July 9, 2008 -- A Connecticut man climbed part way up The NewYork Times' 52-story headquarters early Wednesday, becoming thethird person to scale the futuristic skyscraper in less than fiveweeks.
The climber, identified by the Times as David Malone, made it tothe 11th floor of the building in midtown Manhattan beforedescending to a lower floor and spending hours making cell phonecalls and talking to police. He was arrested about 5:30 a.m.,police said.
Police said the climber was taken to Bellevue Hospital Centerfor evaluation; charges were pending.
At one point, the climber unfurled a banner on the "T" of theTimes' sign on its building that referred to Osama bin Laden, theTimes reported on its Web site. Malone is the author of a book,"Bin Laden's Plan," that argues that Sept. 11 was part of a plotby al-Qaida to provoke the U.S. into invading Iraq, according to asummary on the Amazon.com bookseller site.
On June 5, daredevil Alain Robert and Renaldo Clarke separatelyclimbed the Times building, which the newspaper company moved intolast year. It is covered with slats that allowed the men to climbthe tower like a ladder.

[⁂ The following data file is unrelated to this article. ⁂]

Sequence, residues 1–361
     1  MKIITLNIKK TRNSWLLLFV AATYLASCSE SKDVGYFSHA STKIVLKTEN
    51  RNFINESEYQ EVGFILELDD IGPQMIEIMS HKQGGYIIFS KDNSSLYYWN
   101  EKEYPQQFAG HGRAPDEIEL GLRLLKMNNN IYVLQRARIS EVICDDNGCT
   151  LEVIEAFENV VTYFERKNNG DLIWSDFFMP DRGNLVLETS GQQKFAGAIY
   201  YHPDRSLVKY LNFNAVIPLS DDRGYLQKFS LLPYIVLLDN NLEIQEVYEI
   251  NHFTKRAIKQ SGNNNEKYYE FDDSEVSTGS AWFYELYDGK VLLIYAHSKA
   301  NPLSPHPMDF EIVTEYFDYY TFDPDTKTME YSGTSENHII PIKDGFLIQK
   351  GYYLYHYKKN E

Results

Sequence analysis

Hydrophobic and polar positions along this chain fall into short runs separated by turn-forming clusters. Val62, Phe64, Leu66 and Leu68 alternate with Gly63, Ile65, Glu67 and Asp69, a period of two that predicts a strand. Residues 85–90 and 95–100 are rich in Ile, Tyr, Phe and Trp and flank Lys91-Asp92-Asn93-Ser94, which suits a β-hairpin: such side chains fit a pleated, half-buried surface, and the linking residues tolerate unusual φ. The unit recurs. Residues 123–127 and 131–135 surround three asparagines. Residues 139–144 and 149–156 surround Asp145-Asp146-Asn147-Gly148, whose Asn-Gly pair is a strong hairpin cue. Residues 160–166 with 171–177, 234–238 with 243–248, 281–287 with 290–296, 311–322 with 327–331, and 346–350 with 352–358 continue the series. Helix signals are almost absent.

Dozens of police and firefighters responded about 1:30 a.m.after the new climber was first spotted on the building, policesaid. Streets were closed off and an inflatable cushion was placedin front of the main entrance.
The Daily News reported on its Web site that it had received acall from a man identifying himself as Malone. He said he was a29-year-old college dropout from Connecticut who had studiedal-Qaida for years. He said he wanted to draw attention to hisbelief that al-Qaida's "intentional provocation of the U.S." wasthe greatest threat to American national security.
Police did not immediately confirm those reports. Malone'shometown was not available.
On June 5, both climbers made it to the top and were chargedwith reckless endangerment, criminal trespass and disorderlyconduct. Malone told the News that the Times itself providedinformation about how to scale its new headquarters in an articleabout the June climbs.
A spokeswoman for the Times, Catherine Mathis, saidmodifications were made to the building and additional security wasadded after those stunts. The company was investigating howWednesday's climber was able to overcome the additional obstacles.
The criminal case against Robert evaporated when grand jurorsrefused to indict him after hearing about his climbing experienceand safeguards. He still faced a disorderly conduct citation, a farless serious charge.
After the grand jury refused to indict Robert, prosecutors saidthey were weighing how to proceed against Clarke.